Good raid preparation can save you quite a few pointlessly stupid wipes where raid members fail to move away from basic boss abilities. I’ve mentioned before on this blog (and it was partly my inspiration for creating my own boss guides from an elemental perspective), that I struggle with reading tactics. I have the time to do so and I’m fanatical about preparing for raids but I have a really difficult time visualising what I’m reading about. Luckily, I tend to pick up encounters very fast.

If you’re starting on a new boss, try to take the time out to read his basic abilities and focus in on those that affect you. As a ranged caster, you don’t initially need to know about a debuff that the melee need to deal with. Naturally, I’d encourage you to understand the fight from all perspectives eventually, but when learning, I find it better to break it down into manageable chunks that directly affect you. Look for movies, preferably from the perspective of a player sharing your role. When you eventually get to the boss, try to make yourself familiar with the whole room. If you’re using an already documented strategy, look for “land marks” to help you on positioning. Making mental notes like this will help you to navigate the room faster and be where you’re meant to be.

Preparing goes further than simply knowing the boss. Make sure you have all the consumables you can possibly need. If you occasionally need to raid on your offspec, try to take all that gear with you.

If you switch glyphs depending on the fight, then make sure you have spares of all the glyphs you can use over the course of an evening.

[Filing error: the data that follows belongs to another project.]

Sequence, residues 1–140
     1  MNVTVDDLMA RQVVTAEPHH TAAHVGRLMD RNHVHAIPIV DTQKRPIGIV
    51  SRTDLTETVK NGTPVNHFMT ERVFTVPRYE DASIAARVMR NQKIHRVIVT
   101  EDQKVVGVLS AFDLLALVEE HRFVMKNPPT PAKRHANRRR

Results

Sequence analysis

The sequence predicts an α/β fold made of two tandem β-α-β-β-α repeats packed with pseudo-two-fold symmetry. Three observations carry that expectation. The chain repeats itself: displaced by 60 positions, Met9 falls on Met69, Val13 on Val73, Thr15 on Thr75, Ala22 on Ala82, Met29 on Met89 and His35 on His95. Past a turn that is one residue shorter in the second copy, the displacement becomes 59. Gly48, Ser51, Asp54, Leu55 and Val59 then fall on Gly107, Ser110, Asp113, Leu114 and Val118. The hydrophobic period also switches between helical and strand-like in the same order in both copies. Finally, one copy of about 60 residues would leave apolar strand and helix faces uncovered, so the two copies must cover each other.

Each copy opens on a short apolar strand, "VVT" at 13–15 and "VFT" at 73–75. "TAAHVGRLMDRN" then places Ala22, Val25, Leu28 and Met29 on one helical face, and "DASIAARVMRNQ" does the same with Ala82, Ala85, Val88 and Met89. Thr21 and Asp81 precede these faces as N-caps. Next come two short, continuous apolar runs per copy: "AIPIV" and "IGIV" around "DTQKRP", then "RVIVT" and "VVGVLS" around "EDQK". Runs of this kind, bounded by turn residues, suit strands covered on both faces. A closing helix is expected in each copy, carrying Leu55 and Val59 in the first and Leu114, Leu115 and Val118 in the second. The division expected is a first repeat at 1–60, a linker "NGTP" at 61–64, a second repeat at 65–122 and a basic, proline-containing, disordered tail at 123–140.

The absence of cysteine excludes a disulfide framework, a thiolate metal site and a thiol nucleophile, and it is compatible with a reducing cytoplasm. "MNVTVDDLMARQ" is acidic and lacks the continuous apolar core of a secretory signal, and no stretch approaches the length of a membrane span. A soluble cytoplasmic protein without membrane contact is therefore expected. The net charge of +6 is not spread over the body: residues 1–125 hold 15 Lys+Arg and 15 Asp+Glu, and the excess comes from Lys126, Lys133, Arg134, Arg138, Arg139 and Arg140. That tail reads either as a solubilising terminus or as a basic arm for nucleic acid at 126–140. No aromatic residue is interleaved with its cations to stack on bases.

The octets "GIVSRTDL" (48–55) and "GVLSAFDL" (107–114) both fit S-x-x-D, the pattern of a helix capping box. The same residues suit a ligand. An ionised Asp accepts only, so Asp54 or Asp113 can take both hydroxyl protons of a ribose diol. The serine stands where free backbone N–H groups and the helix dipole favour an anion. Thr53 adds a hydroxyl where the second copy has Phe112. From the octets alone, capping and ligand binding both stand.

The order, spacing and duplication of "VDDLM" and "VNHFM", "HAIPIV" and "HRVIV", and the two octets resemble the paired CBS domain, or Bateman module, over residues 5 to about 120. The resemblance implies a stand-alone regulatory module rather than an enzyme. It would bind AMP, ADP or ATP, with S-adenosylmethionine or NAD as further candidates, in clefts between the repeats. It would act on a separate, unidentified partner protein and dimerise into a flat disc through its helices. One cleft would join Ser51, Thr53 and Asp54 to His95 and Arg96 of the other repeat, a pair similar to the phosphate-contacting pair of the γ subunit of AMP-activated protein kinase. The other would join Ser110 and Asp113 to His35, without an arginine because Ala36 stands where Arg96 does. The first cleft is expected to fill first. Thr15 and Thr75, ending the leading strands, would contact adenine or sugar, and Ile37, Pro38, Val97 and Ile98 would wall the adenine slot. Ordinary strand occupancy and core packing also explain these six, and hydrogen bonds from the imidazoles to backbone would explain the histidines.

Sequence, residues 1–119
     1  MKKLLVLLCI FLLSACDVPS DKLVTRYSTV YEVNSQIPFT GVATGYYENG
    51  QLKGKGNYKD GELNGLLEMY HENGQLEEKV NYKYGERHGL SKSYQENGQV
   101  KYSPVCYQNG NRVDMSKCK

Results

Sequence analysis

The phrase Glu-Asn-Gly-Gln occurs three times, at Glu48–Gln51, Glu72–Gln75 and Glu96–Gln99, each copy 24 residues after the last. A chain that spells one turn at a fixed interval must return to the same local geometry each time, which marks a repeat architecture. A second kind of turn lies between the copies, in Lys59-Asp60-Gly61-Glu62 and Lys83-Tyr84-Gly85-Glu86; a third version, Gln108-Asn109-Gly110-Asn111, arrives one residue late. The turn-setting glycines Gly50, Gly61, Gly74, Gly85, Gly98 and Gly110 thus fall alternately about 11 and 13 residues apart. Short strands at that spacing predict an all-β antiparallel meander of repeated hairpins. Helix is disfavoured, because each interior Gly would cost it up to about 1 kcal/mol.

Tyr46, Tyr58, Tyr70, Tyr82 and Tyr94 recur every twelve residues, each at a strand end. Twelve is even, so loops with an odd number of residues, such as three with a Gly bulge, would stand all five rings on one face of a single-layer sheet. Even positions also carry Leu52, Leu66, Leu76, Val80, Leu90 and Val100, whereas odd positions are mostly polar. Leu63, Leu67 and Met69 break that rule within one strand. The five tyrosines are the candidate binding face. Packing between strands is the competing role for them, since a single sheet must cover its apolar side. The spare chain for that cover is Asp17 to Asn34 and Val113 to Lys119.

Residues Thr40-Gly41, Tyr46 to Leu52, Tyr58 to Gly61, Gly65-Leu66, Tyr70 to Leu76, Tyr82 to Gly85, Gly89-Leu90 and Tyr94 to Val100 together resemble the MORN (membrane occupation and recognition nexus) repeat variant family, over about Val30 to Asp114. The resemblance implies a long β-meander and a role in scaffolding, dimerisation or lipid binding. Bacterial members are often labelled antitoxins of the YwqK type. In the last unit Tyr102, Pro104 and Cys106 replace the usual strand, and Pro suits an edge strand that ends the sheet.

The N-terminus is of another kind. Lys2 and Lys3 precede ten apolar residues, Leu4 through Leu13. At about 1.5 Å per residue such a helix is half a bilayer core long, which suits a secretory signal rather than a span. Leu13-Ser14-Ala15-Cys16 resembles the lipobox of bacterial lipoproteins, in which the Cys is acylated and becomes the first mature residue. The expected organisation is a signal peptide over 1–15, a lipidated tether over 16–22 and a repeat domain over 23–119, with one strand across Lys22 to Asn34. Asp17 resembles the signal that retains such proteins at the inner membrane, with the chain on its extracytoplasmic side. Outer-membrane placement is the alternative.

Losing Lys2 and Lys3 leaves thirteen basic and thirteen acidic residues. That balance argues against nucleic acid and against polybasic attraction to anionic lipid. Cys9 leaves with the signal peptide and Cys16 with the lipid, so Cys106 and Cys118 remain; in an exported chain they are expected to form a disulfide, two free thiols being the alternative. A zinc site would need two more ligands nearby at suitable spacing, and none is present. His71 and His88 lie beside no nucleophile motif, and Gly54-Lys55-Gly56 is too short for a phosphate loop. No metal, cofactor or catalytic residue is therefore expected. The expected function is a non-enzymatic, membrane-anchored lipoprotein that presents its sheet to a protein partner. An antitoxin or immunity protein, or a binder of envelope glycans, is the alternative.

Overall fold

If you’re getting a guaranteed upgrade over the course of an evening (such as you need a few more emblems to buy a certain piece from the vendor), then take the enchants and the gems with you so that you can equip it immediately.

If you need reagents for certain spells, then make sure you stock up on those before the raid. If they’re vendor bought consumables, there are even addons that will do this automatically for you (and refresh your amounts whenever you drop below a certain threshold).

Try to run scans on your addons and download any available updates for them. This is particularly important in regards to boss mods.

Enjoying the Game and Your Class

As I mentioned at the start of this article (which, incidentally, feels many hours ago now), if you’re purely loot motivated, you’ll probably burn out from raiding fast. It’s a lot of time to dedicate to one thing if you don’t really enjoy it.

Onto another misconception… the best players aren’t always those topping the meters. Despite the best efforts of the WoW developers (I’m giving them the benefit of the doubt here), classes are not always balanced. There is often that one class spec combination that dominates on most fights. The best players are the ones that can adapt to any situation and know their class inside out. They’re the ones that sacrifice personal DPS at times to perform another role in the raid. The chances are that role won’t win you any fame, but without it being fulfilled the boss just may not die. A mage that can top the meters but can’t dispell or has poor situational awareness isn’t an amazing player. The shaman that happily sits there casting lightning bolts while a spell that needs interrupting is murdering the healers, isn’t really fulfilling his or her class potential.